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9/01/2015

How to Use Windows 10 System Restore

The Teacher

The System Restore feature in Microsoft Windows allows user to revert their computer state to a previous point, that can be used to recover from system malfunctions and other windows related problems. When you run System Restore to revert to a previous point of windows running state, then it undo the changes made to System Files, Installed Programs, Windows Registry, and other Windows Settings.

System Restore was first introduced in Windows M E. Since then it has been included in all the following desktop windows versions, up to Windows 10.

Depending on System Restore configuration, most of the time Windows Automatically creates new restoration point, before the significant system change, like installing new drivers or, applications.

To understand it in more details, let’s first open the System Restore utility. In Windows 10 & Windows 8, you can access System Restore, by right-clicking on the Start Button, and then click System. From the left side pane, click System Protection. You can also access System Restore through Control Panel. Open Control Panel, and in the Large Icons view, click Recovery, and then click Configure System Restore. You can also access System window by right-clicking on Computer icon, and then choose Properties, and then click System Protection from the right-side pane.

Under Protection Settings window, you can see that, for which drives System Protection is on. To turn ON or Off system protection for a particular drive, select the drive and then click Configure. From the Restore Settings, you can either disable System Restore for a particular drive, or can Turn on the System Protection. Most of users, turn on System Protection just for the drive where Windows is installed. If you have separate configurations than you can turn on system protection for other drives as well, and can configure different storage usage for each drive.

Below you can configure the disk space that you want to reserve for the System Restoration points. If the specified space fills up, then Windows will automatically delete the old restoration points. You can also delete all the previously saved restoration points by clicking the Delete button.

Anytime, when you think that your Windows is running in good state, or you are going to install apps, or update your system, then you can create a System Restore point at your own, by clicking the Create button. Type a descriptive name of your Restore Point, and then click Create.

Whenever you feel that your system is malfunctioning after a major update, then you can restore your system to a previous state, by clicking on System Restore. Do remember that, when you run a System Restore and revert your Windows to a previous state, then no changes are made to your documents, pictures and other user files stored on the same drive. For instance, if you have created a Restoration Point last week before installing Microsoft Office, and a week later you restore your system to the same date, then all the files that you had created using Microsoft Office will remain save on your system. So you don’t need to worry about them. After clicking Next, you will see all the available restoration points. You can also make a check mark on “Show more restore points”, to see all the other Windows generated restoration points. Choose a desire Restoration point, and then click next. Clicking Finish will start the System Restoration and Windows will restart. The time to complete the system restoration may differ depending on the system configuration changes. Once the entire process is completed, Windows will start normally, and you will see a message stating, if the restoration was completed successfully.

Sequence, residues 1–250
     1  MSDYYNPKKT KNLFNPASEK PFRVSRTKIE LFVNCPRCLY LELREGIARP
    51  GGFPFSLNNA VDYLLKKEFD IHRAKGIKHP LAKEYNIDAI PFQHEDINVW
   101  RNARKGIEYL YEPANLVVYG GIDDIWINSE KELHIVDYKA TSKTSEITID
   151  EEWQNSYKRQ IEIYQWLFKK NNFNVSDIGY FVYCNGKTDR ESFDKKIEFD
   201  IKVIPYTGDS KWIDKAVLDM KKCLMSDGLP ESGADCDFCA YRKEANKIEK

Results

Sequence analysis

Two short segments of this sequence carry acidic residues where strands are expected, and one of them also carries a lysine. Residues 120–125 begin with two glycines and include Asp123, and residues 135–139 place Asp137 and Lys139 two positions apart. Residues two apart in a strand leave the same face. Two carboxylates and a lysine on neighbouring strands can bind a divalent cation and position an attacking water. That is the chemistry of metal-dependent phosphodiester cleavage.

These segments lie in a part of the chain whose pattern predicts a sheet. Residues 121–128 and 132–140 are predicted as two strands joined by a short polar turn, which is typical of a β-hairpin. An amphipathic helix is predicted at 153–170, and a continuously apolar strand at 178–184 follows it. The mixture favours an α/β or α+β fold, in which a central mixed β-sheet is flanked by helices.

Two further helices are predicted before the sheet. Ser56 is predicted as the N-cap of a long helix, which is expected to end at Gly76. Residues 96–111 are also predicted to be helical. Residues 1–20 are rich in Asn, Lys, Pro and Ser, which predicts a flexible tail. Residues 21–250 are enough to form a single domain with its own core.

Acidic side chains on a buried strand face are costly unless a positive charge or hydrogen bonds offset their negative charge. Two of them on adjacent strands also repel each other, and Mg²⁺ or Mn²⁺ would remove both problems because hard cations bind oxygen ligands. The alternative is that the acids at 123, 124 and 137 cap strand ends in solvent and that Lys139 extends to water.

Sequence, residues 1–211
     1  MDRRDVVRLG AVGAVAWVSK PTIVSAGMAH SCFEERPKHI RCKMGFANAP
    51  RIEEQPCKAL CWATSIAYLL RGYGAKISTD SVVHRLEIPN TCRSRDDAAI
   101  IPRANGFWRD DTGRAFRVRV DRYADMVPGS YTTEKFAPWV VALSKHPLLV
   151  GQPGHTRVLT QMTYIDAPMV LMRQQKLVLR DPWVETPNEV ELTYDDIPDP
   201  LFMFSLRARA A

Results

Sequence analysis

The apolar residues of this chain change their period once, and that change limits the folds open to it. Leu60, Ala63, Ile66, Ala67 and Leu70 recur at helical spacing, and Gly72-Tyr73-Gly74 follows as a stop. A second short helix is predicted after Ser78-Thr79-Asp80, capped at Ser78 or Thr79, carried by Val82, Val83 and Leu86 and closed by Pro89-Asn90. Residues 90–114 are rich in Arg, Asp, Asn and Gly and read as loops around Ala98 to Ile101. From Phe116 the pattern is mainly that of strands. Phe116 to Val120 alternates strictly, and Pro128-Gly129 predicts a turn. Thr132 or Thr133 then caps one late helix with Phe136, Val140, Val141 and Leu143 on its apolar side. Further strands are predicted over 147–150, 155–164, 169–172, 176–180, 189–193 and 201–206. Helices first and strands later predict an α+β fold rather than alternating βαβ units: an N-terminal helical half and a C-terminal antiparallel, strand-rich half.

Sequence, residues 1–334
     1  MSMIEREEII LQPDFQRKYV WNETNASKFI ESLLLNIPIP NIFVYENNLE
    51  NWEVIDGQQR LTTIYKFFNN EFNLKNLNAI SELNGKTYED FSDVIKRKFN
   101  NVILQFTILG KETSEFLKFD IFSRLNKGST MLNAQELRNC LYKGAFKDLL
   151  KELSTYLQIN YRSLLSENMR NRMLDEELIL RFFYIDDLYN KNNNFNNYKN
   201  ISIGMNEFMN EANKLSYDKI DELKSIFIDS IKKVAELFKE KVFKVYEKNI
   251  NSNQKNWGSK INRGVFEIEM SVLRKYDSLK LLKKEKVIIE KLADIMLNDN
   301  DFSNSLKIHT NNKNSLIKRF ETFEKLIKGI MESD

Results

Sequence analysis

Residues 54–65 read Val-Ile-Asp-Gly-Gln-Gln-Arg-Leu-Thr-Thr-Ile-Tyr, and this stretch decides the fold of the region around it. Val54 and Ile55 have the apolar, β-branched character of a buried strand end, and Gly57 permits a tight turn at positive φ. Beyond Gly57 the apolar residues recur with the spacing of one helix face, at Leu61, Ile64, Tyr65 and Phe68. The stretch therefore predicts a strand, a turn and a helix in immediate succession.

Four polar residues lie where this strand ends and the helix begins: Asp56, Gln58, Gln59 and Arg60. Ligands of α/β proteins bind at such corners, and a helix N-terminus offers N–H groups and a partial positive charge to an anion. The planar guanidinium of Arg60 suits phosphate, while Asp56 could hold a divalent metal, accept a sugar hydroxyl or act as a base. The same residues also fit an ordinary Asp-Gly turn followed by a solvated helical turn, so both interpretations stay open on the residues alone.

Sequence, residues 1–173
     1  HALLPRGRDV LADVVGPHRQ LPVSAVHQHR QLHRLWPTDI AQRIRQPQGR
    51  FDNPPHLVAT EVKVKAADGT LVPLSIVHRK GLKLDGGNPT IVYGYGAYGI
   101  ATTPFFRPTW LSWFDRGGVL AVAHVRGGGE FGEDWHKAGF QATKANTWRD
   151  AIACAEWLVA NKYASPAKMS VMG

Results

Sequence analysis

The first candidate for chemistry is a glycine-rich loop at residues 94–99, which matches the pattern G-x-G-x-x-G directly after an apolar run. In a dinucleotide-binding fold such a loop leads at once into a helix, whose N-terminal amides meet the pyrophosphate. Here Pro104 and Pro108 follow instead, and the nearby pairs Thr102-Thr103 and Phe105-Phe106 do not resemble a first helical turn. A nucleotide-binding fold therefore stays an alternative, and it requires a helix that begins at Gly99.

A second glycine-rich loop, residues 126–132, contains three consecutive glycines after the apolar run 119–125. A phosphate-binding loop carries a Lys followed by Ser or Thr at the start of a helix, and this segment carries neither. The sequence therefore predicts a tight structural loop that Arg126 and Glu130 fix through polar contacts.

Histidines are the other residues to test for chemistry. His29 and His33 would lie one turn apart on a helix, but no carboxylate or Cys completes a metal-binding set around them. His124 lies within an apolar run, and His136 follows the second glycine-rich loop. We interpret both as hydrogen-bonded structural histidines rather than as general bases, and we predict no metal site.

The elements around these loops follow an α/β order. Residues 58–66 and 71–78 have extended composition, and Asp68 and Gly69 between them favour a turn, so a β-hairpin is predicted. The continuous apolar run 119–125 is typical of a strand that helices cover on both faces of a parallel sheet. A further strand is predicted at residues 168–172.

So this was all about configuring, creating and restoring System Restore points. Before we go, let me tell you one more thing. The method we discuss earlier to restore your windows to a previous state will only work, if your Windows is at least running in a state, where you can access the System Protection feature. But what if you are unable to boot into Windows, or unable to access System Protection. Then you require accessing System Restore before Windows Start. You may require using Advanced Boot Options. You can watch our video about Enabling F8 Boot Menu For Advanced Boot options.

If you are unable to access System Protection feature, then a quick way to access Advanced Recovery Options is to, hold down Shift key, and then click Restart from the Shut Down menu. This command will then immediately start Advanced Recovery options. Then click Troubleshoot, and then click Advanced Options. Click System Restore and your PC will get restarted. Then your system will prepare itself for a System Restore. Select User Name, and then type the Password, and hit continue. Click the Next button, and choose a Restoration point, and then click Next button. Clicking Finish will immediately start restoring your system to the specific restoration point.

But as I said earlier, these recovery options will only work, if you are at least able to get into your Windows System. If Windows itself fails to load, then you can use the F8 Advanced Recovery options only if you have pre-configured them. You can watch our video to know, how to configure advanced recovery option before system crash.

If you have not configured advanced recovery option before a system crash, then your only options to boot from Windows Bootable Media. Configure your BIOS to boot from Windows Media, either from Removable Device, or CD / DVD Drive, and let the Windows Setup begin.

Click the Next button, at Language, Time and Keyboard Settings. Click Repair Your Computer, and then click Troubleshoot. Choose Advanced Options, and then click System Restore. The rest procedure is same as described earlier.




The Teacher / Author & Editor

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